All the Spielberg References from ‘Ready Player One’ | Phactual

All the Spielberg References from ‘Ready Player One’

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All the Spielberg References from ‘Ready Player One’

Ready Player One

This week, Steven Spielberg was announced as the director of Ready Player One. Based on the book of the same name by Ernest Cline, it tells the story of Wade, a young gamer geek who spends most of his life inside an MMO. When the game’s creator James Halliday dies, he announces via his will that there is a treasure hunt hidden inside his game. Whoever figures it out first and makes it to the end will win his fortune and control of the game.

Throughout the book, there are pop culture references everywhere from Star Wars to Highlander, and interestingly, many of Spielberg’s previous films are referenced. Read on for all of the Spielberg references from Ready Player One.

 

He loved arguing about old movies, even more than I did. The other gunters in the chat room were now starting to form a small crowd around us to listen in. Our arguments were often high in entertainment value.

“You must be stoned!” I shouted. “Ladyhawke was directed by Richard f—-ing Donner! The Goonies? Superman: The Movie? You’re saying that guy sucks?”

“I don’t care if Spielberg directed it. It is a chick flick disguised as a sword-and-sorcery picture. The only genre film with less balls is probably…freakin’ Legend. Anyone who actually enjoys Ladyhawke is a bona fide USDA-choice pussy!”

Spielberg Connection: Not only is Spielberg directly named, he also was an executive producer on The Goonies.

 

Halliday bought and restored one of the original DeLoreans used in the Back to the Future films, continued to spend nearly all of his time welded to a computer keyboard, and used his newfound wealth to amass what would eventually become the world’s largest private collection of classic video games, Star Wars action figures, vintage lunch boxes, and comic books.

Spielberg Connection: Spielberg was an executive producer on Back to the Future.

 

I devoured each of what Halliday referred to as “The Holy Trilogies”: Star Wars (original and prequel trilogies, in that order), The Lord of the Rings, The Matrix, Mad Max, Back to the Future, and Indiana Jones. (Halliday once said that he preferred to pretend the other Indiana Jones films, from Kingdom of the Crystal Skull onward, didn’t exist. I tend to agree.)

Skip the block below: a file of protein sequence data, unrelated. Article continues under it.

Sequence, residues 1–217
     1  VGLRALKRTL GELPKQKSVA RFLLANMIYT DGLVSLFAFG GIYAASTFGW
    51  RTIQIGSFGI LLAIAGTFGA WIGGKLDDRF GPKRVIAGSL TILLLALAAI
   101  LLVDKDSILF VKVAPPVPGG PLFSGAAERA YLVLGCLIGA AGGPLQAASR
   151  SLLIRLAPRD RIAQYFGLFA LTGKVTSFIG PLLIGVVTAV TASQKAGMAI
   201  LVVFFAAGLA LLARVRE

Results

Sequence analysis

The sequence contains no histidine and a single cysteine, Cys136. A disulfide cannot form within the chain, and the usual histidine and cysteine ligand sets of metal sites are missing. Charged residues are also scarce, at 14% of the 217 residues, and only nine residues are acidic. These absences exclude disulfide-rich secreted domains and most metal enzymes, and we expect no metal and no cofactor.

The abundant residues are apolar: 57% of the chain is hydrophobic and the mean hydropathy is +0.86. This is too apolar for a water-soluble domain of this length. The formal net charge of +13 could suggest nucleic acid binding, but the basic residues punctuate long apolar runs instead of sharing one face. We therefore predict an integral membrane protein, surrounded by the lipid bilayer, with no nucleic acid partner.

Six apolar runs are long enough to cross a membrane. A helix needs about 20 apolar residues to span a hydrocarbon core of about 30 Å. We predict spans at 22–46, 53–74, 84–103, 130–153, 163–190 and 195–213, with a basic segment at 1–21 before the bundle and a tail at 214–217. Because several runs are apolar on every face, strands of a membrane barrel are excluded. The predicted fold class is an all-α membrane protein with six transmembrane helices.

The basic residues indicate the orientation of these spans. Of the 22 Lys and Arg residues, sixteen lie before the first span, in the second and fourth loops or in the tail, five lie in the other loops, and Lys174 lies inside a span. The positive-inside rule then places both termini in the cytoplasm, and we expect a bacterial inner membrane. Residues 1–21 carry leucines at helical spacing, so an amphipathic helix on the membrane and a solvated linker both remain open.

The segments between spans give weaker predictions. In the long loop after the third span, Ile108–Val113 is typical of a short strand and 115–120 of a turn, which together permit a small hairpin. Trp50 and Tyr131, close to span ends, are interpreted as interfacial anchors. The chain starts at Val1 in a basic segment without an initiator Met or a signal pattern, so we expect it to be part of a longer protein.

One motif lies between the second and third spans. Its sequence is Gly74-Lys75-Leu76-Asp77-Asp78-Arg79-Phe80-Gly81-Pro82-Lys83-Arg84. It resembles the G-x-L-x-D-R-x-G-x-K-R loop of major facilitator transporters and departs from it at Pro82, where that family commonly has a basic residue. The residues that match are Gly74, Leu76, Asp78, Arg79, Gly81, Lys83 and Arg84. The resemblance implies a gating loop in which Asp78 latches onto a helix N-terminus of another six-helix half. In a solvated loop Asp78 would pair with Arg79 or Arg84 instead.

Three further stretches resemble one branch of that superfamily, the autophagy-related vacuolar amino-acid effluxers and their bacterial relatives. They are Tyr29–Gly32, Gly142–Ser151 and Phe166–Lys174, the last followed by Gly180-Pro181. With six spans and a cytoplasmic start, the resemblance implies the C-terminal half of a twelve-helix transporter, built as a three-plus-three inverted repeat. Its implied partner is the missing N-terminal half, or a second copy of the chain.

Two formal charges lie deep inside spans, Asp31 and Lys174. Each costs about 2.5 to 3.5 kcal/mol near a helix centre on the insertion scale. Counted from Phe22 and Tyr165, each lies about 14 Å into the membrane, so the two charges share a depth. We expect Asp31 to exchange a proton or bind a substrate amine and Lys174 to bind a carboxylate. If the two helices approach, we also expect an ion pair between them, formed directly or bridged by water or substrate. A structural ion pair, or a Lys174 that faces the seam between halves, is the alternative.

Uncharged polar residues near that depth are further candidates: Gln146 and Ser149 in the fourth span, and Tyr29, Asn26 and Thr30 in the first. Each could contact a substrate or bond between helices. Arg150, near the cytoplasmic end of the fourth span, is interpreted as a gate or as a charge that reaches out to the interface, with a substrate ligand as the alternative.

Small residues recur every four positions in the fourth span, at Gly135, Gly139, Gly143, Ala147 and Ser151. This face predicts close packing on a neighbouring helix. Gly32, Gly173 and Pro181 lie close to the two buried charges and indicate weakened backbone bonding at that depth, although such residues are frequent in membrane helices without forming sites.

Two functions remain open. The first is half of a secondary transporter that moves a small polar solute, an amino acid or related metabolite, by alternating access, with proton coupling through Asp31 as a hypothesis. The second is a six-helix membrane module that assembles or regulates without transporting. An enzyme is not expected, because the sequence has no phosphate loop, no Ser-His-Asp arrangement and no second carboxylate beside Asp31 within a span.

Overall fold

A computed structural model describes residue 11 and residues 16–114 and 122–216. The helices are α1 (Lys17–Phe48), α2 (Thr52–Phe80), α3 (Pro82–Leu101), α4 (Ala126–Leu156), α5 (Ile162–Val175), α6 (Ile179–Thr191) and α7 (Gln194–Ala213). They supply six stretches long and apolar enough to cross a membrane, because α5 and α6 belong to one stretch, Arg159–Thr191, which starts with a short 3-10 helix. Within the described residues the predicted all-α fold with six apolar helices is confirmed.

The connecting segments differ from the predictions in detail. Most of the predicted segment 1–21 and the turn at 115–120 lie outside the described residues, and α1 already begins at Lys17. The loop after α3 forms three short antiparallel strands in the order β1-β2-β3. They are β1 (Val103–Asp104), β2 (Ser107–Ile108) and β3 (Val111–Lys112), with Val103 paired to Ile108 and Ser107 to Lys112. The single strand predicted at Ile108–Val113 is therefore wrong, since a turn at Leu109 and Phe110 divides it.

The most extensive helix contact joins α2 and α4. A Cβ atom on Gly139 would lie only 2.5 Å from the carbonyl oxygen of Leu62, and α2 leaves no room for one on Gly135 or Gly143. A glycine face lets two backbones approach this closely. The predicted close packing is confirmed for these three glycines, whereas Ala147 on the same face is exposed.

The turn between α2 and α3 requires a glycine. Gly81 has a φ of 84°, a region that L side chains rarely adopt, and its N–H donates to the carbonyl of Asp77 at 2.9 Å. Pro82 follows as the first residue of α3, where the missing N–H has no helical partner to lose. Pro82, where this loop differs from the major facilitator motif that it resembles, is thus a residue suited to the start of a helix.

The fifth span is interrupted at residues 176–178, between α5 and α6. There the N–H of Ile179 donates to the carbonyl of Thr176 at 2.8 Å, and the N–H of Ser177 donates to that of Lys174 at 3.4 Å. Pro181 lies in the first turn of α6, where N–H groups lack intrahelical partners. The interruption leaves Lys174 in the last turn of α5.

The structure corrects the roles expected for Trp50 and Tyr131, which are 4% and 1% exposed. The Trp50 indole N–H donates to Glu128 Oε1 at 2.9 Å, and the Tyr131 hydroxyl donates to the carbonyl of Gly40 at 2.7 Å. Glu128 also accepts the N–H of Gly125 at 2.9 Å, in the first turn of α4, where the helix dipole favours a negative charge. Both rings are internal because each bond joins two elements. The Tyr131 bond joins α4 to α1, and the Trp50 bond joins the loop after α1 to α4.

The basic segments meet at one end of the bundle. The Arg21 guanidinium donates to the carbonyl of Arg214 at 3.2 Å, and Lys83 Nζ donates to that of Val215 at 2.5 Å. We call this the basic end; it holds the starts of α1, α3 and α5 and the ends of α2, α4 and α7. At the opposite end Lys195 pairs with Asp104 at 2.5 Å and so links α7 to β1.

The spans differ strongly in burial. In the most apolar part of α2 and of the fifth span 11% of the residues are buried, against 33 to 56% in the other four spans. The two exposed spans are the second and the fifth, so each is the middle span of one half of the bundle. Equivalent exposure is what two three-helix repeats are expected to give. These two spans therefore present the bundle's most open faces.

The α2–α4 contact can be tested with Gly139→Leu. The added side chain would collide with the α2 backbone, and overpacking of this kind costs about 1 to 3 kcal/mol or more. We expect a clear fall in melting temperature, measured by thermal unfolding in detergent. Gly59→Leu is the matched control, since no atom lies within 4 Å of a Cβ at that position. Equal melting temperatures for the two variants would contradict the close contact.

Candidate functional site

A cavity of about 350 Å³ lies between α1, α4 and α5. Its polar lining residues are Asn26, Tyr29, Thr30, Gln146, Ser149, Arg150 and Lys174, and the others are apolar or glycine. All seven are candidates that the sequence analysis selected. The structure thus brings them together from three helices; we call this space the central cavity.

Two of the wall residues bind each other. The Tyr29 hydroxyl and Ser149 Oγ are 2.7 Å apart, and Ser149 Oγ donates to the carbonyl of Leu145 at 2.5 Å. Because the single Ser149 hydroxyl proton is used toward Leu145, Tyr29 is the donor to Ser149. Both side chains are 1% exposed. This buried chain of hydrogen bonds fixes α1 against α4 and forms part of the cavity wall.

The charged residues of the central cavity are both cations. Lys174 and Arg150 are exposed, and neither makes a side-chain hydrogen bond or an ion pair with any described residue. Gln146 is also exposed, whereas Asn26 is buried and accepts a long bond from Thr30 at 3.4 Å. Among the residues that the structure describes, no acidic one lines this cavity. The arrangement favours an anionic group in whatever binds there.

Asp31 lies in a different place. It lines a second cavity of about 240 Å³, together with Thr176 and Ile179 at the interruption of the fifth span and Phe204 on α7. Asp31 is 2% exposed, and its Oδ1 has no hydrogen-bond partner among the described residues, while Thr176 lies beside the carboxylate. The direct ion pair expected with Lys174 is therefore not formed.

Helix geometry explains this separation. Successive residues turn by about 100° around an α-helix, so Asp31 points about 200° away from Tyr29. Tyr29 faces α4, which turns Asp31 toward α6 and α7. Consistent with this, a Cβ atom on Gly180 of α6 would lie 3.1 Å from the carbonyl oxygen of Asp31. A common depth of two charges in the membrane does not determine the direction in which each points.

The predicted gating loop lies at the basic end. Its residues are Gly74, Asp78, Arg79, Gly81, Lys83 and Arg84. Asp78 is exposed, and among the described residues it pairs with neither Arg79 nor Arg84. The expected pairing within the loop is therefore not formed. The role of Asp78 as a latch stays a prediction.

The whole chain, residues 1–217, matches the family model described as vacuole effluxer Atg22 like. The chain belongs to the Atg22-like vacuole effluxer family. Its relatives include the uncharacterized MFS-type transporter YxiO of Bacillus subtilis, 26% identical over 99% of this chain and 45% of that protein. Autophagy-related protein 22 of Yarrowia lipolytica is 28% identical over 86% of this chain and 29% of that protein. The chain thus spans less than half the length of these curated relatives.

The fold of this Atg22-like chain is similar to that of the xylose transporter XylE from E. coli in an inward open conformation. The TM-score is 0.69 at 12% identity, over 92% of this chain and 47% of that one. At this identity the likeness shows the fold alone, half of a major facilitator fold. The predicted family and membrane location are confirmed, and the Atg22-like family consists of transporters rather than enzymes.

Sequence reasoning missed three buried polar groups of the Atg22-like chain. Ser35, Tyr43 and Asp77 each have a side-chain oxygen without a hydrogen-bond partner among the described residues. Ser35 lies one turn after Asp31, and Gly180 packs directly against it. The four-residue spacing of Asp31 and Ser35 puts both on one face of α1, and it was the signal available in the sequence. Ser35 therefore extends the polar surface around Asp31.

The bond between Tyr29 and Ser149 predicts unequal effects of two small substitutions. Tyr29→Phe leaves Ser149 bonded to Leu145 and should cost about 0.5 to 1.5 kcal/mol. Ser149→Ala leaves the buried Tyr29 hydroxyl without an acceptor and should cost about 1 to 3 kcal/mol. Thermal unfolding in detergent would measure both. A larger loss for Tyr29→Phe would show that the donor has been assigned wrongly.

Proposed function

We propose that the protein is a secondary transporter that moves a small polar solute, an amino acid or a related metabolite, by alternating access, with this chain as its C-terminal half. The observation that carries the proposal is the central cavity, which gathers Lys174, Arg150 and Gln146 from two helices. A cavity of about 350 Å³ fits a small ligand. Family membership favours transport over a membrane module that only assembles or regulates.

I also absorbed the complete filmographies of each of his favorite directors. Cameron, Gilliam, Jackson, Fincher, Kubrick, Lucas, Spielberg, Del Toro, Tarantino. And, of course, Kevin Smith.

Spielberg Connection: Spielberg directed all of the Indiana Jones films, including Kingdom of the Crystal Skull, and he also gets his second mention by name in the book.

 

Parzival: Are we going to have an online romance? <crosses fingers>
Art3mis: No way, ace. Sorry.
Parzival: Why not?
Art3mis: No time for love, Dr. Jones. My cyber-porn addiction eats up most of my free time.

Spielberg Connection: “No time for love, Dr. Jones” is a famous quote from Short Round in Indiana Jones and the Temple of Doom, which Spielberg directed.

 

Art3mis and I even teamed up for a few quests. We visited the planet Goondocks and finished the entire Goonies quest in just one day. Arty played through it as Martha Plimpton’s character, Stef, while I played as Mikey, Sean Astin’s character. It was entirely too much fun.

Spielberg Connection: Spielberg was an executive producer of The Goonies, the ’80s classic starring a young Sean Astin and Josh Brolin as well as Martha Plimpton, Corey Feldman, and Kerri Green.

 

I made a big entrance when I arrived in my flying DeLorean, which I’d obtained by completing a Back to the Future quest on the planet Zemeckis. The DeLorean came outfitted with a (nonfunctioning) flux capacitor, but I’d made several addition to its equipment and appearance. First, I’d installed an artificially intelligent onboard computer named KITT (purchased in an online auction) into the dashboard, along with a matching red Knight Rider scanner embedded in the DeLorean’s grill. Then I’d outfitted the car with an oscillation overthruster, a device that allowed it to travel through solid matter. Finally, to complete my ’80s super-vehicle theme, I’d slapped a Ghostbusters logo on each of the DeLorean’s gull-wing doors, then added personalized plates that read ECTO-88.

Spielberg Connection: The flying DeLorean is a reference to the time machine from Back to the Future, and Spielberg was an executive producer on the film.

 

I took three running steps, leapt into the air, and then I was flying. I swooped up and around, then turned back toward the gate, aiming straight for it. But at the last moment, I banked to the right, then arced back round. I stopped to hover in front of the open gate. The crystal doorway hung in the air directly ahead, just a few yards away. It reminded me of the floating door in the opening credits of the original Twilight Zone.

Spielberg Connection: Spielberg was a producer on The Twilight Zone: The Movie, the big-screen adaptation of Rod Serling’s iconic TV show.

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